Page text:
5. Control Arm Bushings:
Your car’s control arms connect the wheels to the vehicle’s frame. Over time, the bushings that support the control arms can wear out, causing vibration in the steering wheel. Replacing worn bushings can cost between $150 and $500.
One final potential cause of steering wheel vibration is worn tires. Tires can wear out over time from normal use, and they can also become damaged from hitting potholes or other objects. If your tires are worn out, they will need to be replaced. Depending on the size and type of tire, this can cost anywhere from $150 to $250 each.
It is important to have a good steering system in a car for several reasons. First, it helps the driver to control the car. Second, it helps to keep the car stable on the road. Third, it helps to reduce wear and tear on the tires. Fourth, it helps to improve fuel economy. Finally, it helps to improve the safety of the car.
There are many potential causes of steering wheel vibration. The most common causes are worn tires, out-of-balance wheels, or worn suspension components. You can often fix these problems yourself by simply replacing the worn parts. However, if the problem is more serious, you may need to take your car to a mechanic for further diagnosis and repair.
Frequently Asked Question
Is it safe to drive with a vibrating steering wheel?
A vibrating steering wheel can be a sign of a problem with your car, and it is important to get it checked out by a mechanic. It could be something as simple as an unbalanced tire, or it could be a more serious issue like a problem with the suspension.
Either way, it’s not something you should ignore, and it’s definitely not safe to drive with a vibrating steering wheel. If you’re not sure what the problem is, have your car checked out by a professional as soon as possible.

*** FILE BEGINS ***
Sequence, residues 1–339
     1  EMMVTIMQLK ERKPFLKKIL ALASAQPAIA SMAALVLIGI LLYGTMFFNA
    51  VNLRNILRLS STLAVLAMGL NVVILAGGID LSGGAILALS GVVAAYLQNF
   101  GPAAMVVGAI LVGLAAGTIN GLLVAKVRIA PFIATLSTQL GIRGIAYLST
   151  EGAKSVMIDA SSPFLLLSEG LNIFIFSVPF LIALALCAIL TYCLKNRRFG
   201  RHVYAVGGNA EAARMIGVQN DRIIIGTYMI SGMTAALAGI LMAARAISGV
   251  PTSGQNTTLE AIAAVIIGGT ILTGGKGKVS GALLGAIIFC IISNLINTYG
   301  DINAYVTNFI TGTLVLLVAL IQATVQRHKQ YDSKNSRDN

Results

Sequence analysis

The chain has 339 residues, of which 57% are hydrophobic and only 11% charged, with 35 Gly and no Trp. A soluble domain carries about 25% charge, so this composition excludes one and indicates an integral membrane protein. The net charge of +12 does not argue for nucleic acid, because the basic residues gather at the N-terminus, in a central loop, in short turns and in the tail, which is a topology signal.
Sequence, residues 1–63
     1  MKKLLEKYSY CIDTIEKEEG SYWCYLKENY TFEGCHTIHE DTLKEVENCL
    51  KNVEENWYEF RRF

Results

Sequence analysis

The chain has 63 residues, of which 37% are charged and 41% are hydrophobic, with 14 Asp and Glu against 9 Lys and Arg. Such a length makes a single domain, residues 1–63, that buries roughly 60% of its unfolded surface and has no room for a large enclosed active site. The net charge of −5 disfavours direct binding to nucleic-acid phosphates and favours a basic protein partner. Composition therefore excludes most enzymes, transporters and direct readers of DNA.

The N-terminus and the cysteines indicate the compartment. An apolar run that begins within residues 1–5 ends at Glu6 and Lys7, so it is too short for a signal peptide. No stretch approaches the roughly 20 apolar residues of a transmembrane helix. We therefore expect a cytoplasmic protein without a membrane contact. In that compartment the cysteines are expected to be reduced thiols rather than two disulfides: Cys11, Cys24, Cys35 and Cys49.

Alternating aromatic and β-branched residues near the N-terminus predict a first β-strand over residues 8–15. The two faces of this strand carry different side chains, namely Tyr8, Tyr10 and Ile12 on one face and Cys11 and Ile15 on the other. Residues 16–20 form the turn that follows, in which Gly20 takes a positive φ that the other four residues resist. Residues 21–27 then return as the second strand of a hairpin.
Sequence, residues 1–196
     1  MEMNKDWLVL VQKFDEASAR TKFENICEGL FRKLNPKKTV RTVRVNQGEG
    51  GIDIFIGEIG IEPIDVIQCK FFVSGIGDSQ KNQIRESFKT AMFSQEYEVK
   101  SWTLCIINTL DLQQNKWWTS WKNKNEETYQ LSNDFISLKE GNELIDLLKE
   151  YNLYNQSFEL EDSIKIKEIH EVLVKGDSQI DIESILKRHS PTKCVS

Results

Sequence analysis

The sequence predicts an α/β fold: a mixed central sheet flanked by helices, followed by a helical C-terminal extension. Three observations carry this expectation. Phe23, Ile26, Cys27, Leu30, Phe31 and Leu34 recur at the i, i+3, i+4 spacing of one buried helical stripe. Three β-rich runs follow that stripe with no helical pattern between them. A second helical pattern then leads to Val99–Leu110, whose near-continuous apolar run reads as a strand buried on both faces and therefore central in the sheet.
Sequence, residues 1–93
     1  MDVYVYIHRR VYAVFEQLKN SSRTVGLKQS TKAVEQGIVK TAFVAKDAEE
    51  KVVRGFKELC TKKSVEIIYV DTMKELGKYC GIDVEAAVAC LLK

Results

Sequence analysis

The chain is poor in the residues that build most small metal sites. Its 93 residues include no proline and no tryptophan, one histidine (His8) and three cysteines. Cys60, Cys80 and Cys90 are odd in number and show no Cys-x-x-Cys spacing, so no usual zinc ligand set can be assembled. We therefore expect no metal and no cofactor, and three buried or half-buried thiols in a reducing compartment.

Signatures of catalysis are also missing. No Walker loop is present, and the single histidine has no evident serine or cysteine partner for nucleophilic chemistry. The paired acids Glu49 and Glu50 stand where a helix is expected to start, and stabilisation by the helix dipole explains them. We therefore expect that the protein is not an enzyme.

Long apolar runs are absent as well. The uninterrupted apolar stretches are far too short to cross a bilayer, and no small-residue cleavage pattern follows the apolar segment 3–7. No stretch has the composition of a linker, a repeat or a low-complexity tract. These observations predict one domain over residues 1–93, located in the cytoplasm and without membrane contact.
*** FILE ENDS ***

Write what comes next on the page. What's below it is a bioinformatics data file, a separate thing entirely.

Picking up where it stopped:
How long can you drive with a vibrating steering wheel?
It is not recommended to drive with a vibrating steering wheel for an extended period, as this can be a sign of a serious problem with your vehicle. You should not drive more than a few miles or a few hundred miles, depending upon the severity of symptoms. It is best to have your vehicle checked by a qualified mechanic as soon as possible to determine the cause and avoid further damage.
Why does your steering wheel shake only at certain speeds?
The most common reason for a steering wheel to shake only at certain speeds is because of an issue with the tires. If the tires are unbalanced or if the tread is wearing down unevenly, it can cause the steering wheel to shake. Another possibility is that there is something wrong with the suspension.
What to do if your steering wheel starts vibrating while on a highway?
If your steering wheel starts vibrating while you’re driving on a highway, don’t panic. Try to stay calm and focus on the road ahead. If the vibration is severe, it’s best to pull over to the side of the road and stop. Once you’re safely off the road, check your tires to see if they’re inflated properly.
If they’re not, inflate them to the proper pressure and see if that stops the vibration. If the vibration persists, it’s possible that you have a wheel imbalance or a problem with your suspension. In either case, it’s best to have your vehicle checked by a qualified mechanic as soon as possible.
Is the conventional steering system better as compared to the power steering system?
There are several reasons why the conventional steering system is considered to be better than the power steering system.
One of the main reasons for this is that the conventional steering system provides drivers with more feedback about the road and their surroundings. This is because the driver’s hands are in direct contact with the steering wheel, which allows them to feel any bumps or irregularities in the road surface.
Another reason why the conventional steering system is often preferred is that it generally requires less maintenance than power steering systems. Power steering systems tend to be more complex, which means that more parts can potentially break or wear out over time.